FIG. 18 is a flow diagram showing one example of a method of performing post-operative implant selection and inventory analysis.

FIG. 19 is a flow diagram showing one example of a method of comparing imaging studies and/or analyzing an implant already placed in a patient.

FIG. 20 is a screen shot illustrating one embodiment of accessing imaging studies from a portable computing device.

FIG. 21 is a screen shot illustrating one embodiment of a web interface for adding patients to a worklist.

FIG. 22 is a screen shot illustrating one embodiment of the daily imaging list.

FIG. 23 is a screen shot illustrating one embodiment of a web interface applet providing access to the system.

FIGS. 24, 25, 26, 27 and 28 are screen shots illustrating various embodiments of listing imaging studies.

FIGS. 29, 30, 31, 32, 33 and 34 are screen shots illustrating various points in the course of creating and copying CD imaging studies.

FIG. 35 is a screen shot illustrating one embodiment of calibrating a display.

FIGS. 36, 37, 38, 39, 40, 41, 42, 43, and 44 are screen shots illustrating various menu options available while displaying imaging studies.

DETAILED DESCRIPTION

A high level block diagram of an exemplary network communications system 100 is illustrated in FIG. 1. The illustrated system 100 includes one or more practice sites 102, with one or more secure web servers 104, one or more uncompressed information servers 106, one or more imaging modalities 108 and one or more personal computing devices 110. Each of these devices may communicate with each other via a connection to one or more communications channels 130 such as a network. The network 130 may be any type of suitable network, such as a LAN, WAN and/or the Internet. Additionally, the illustrated system 100 includes one or more service provider and administrative and diagnostic servers 112 remote backup servers 114 and 116, one or more production servers 118, one or more clinical research servers 120, one or more individual user servers 122, and one or more redirectors 124. The system 100 may also include vendor computers 126. Each of these devices may communicate with each other via a connection to one or more communications channels 128 such as a network. The network 128 may be any type of suitable network, such as those types of networks suitable for network 130.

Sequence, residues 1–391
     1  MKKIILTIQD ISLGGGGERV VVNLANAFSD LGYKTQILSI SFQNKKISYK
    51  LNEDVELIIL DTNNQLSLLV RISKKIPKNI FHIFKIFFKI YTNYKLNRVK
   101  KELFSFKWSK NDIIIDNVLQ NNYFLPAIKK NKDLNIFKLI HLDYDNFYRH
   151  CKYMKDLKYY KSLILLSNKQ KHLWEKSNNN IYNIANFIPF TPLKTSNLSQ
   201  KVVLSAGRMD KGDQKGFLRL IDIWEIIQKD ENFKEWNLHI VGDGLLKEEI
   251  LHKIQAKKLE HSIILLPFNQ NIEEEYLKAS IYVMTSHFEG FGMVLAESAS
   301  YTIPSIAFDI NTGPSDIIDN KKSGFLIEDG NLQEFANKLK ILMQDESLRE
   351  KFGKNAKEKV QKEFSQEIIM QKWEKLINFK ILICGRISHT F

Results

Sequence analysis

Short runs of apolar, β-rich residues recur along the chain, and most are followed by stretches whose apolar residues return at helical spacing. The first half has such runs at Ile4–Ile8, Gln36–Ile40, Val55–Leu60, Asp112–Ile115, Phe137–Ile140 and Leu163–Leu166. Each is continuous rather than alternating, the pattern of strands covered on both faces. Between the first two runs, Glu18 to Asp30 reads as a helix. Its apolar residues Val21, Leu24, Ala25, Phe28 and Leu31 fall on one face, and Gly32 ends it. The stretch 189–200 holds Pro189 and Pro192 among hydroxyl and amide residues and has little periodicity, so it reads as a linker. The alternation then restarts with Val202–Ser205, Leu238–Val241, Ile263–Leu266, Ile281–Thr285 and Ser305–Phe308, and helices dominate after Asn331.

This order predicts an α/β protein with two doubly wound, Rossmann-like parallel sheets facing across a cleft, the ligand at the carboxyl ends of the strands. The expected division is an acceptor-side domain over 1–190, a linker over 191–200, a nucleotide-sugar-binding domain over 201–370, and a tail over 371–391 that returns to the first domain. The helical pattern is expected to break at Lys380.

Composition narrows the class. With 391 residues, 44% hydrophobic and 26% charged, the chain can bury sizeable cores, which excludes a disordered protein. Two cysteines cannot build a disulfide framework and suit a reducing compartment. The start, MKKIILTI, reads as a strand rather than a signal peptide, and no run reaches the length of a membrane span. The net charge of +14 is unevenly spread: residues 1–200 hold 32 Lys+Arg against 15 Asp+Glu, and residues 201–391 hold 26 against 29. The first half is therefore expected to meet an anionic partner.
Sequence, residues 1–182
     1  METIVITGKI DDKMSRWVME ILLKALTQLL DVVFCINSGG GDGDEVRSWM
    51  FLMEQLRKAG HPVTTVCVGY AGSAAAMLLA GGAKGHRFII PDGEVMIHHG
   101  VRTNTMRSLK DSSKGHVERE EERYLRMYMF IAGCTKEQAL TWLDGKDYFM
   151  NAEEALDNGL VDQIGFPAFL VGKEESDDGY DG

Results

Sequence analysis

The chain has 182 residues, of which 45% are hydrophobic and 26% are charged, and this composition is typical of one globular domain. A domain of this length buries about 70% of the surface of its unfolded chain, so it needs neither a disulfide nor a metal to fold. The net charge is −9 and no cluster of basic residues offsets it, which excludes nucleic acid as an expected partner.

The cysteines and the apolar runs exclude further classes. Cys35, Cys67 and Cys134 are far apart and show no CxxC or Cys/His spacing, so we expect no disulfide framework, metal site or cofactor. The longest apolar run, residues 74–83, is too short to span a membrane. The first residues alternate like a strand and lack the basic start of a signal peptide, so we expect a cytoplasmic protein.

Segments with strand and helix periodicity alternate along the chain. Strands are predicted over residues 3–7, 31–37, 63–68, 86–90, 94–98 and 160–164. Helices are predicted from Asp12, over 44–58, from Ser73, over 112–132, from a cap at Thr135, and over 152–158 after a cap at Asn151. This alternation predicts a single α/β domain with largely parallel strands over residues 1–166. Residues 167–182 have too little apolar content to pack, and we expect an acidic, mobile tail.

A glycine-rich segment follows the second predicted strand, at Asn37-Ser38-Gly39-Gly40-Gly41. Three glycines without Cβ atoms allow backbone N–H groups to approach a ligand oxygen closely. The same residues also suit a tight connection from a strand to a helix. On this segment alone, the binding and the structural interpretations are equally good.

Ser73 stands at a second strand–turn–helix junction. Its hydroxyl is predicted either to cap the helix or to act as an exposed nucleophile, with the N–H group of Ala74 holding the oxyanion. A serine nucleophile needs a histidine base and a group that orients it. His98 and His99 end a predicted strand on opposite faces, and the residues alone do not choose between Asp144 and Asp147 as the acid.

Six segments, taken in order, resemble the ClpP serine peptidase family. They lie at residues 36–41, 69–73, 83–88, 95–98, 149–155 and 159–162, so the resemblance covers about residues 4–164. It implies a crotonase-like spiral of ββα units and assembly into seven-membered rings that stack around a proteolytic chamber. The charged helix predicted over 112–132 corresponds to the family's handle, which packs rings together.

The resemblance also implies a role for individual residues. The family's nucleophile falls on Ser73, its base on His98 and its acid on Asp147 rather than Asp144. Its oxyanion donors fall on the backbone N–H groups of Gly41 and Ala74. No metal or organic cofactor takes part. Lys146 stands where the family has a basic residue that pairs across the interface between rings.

To connect practice site 102 to the internet and allow remote access along with converting and storing uncompressed and compressed imaging studies, a secure web server 104 may be used. A secure web server 104 is a computing device with a large storage capacity that is located at practice site 102. The secure web server 104 communicates with the uncompressed information server 106, the imaging modality 108 and the personal computing devices 110 via the network 130. The secure web server 104 also communicates with personal computing device 110 outside of practice site 102, along with a vendor computer 126 via network 128 and a redirector 124. Secure web server 104 may also communicate with a service provider administrative and diagnostic server 112, a remote backup server 114, a production server 118, a clinical research server 120 and an individual server 122 via network 128. The secure web sever 104 will be further described below as it relates to other components of system 100.